2.7 In short, Canada features a data protection framework governing the private sector and also a framework governing the public sector which are best understood in light of the Canadian legal system where activities of government are subject to the Rule of Law, requirements of reasonableness, compliance with balanced statutory limits, oversight institutions and internal compliance mechanisms.

3.0 Canada's Private Sector Privacy Law (PIPEDA)

3.1 The Personal Information Protection and Electronic Documents (PIPEDA) is Canada's federal statute for privacy and data protection in the private sector and establishes legal equivalence for electronic documents. Part I of the Act sets the legal requirements for the protection of personal information in Canada. It applies to every organization that collects uses or discloses personal information in the course of commercial activities. The Act does not apply to public sector organizations, which are governed by the Privacy Act, or to those that are regulated by the public sector at the provincial level. PIPEDA sets limits on the collection, use and disclosure of personal information by organizations. It also sets out limited and specific conditions under which organizations disclose personal information to government institutions and law enforcement. Enforcement of PIPEDA relies on an ombudsman model, with oversight and redress mechanisms provided through the Office of the Privacy Commissioner of Canada (OPC) and the Federal Court. The OPC operates as the federal data protection authority with the mandate to protect and promote the privacy rights of individuals.

3.2 PIPEDA came into force on January 1, 2001 and is recognized as an advanced and well respected privacy regime. The Act balances the individual's right to privacy with the need of organizations to collect, use or disclose information for legitimate business purposes. It is based on a set of ten privacy principlesFootnote 1 that have stood the test of time. Like the OECD Privacy Guidelines on which it was based, PIPEDA is a principles-based framework that has remained intact with legislative amendments made to only specific aspects to improve its effectiveness.

Substantially Similar

3.3 In order to facilitate the development of harmonized federal and provincial privacy laws, PIPEDA includes a provision allowing for provincial statutes to be deemed "substantially similar" under the Act. A formal process for the determination of substantially similar laws has been established whereby laws are deemed substantially similar to PIPEDA if they "provide privacy protection that is consistent with and equivalent to that found under PIPEDA, incorporate the ten principles in Schedule 1 of PIPEDA, provide for an independent and effective oversight and redress mechanism with powers to investigate, and restrict the collection, use and disclosure of personal information to purposes that are appropriate or legitimate."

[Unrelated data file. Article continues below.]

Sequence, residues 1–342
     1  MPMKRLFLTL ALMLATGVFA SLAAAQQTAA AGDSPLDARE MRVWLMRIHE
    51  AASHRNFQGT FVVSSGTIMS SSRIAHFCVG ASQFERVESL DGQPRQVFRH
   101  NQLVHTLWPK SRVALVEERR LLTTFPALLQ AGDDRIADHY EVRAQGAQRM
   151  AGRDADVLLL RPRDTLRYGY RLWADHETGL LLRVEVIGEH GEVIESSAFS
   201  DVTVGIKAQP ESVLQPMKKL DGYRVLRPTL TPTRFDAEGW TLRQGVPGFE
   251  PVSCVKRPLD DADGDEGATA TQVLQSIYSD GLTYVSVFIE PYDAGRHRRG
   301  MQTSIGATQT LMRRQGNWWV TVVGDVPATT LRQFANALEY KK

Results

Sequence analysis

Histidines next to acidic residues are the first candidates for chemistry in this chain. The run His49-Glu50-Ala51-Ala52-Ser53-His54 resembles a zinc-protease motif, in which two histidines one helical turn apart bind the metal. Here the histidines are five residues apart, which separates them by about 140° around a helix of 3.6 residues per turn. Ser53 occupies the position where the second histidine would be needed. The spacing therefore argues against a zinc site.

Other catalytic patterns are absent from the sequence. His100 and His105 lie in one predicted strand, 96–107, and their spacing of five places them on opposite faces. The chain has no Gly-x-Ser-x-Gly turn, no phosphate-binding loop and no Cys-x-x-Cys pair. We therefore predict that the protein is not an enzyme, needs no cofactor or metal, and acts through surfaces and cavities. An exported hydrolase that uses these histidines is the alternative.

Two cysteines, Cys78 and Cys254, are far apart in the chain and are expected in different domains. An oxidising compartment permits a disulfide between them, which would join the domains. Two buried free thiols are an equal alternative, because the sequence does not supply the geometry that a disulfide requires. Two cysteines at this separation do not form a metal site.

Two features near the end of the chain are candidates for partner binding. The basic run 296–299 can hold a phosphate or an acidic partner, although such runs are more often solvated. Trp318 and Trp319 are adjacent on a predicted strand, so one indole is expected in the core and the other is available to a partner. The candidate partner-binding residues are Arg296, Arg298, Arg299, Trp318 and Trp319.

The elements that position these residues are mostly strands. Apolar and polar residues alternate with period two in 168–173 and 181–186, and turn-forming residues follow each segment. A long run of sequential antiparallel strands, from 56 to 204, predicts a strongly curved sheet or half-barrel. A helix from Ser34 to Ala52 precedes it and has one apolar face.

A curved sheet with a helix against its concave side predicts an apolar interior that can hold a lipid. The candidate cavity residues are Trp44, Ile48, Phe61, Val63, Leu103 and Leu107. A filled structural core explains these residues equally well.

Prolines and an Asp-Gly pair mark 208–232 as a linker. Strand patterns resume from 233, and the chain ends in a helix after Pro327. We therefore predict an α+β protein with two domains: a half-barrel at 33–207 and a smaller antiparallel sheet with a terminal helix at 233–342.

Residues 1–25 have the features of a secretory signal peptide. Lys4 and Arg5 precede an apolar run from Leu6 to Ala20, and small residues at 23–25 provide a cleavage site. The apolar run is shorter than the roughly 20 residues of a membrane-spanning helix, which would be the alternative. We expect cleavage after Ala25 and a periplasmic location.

3.4 Provinces with such legislation are exempt from PIPEDA which allows for the collection, use or disclosure of personal information to be governed by provincial law. However, PIPEDA continues to apply to the collection, use or disclosure of personal information with respect to federal undertakings and to the collection, use or disclosure of personal information outside of the province. Several provincial laws have been granted the substantially similar designation, applying either generally to personal information holdings of organizations within the province, or to personal health information only.

3.5 Quebec, Alberta and British Columbia have passed their own private sector privacy laws. Quebec's law was deemed substantially similar to PIPEDA in 2003 with Alberta and British Columbia's laws being recognized in 2004. Health sector privacy laws have been passed in Ontario, New Brunswick, Newfoundland and Labrador, and Nova Scotia and were deemed substantially similar to PIPEDA in 2005, 2011, 2012 and 2016 respectively.

Statutory Review of PIPEDA

3.6 A statutory review of the Act is required every five years by parliamentary committee. The first statutory review of PIPEDA resulted in the passage of The Digital Privacy Act in 2015. While the Bill received Royal Assent on June 18, 2015, the new regime for mandatory data breach notification, forming Division 1.1 of PIPEDA, will come into force once the Regulations governing data breach incidents are final.

The Digital Privacy Act (2015)

3.7 The Digital Privacy Act (2015) amended PIPEDA in three substantive ways by adding:

Protecting Consumers

3.8 New Division 1.1 on Data Breach Notification: The 2015 amendments introduced a new Division to the Act entitled "Breaches of Security Safeguards" which sets out mandatory notification requirements for organizations when personal information has been compromised due to a breach of security safeguards resulting in a "real risk of significant harm to the individual". Organizations will be required to report data breaches involving personal information to the Privacy Commissioner of Canada and to notify affected individuals. These changes will empower consumers and encourage businesses to improve information security practices.

3.9 Record Keeping for Data Breaches: Organizations will be required to keep and maintain a record of every breach of security safeguard involving personal information under their control and provide the record to the Privacy Commissioner upon request. This will allow the Privacy Commissioner to fulfill the required oversight role and make sure that companies are reporting potentially harmful breaches.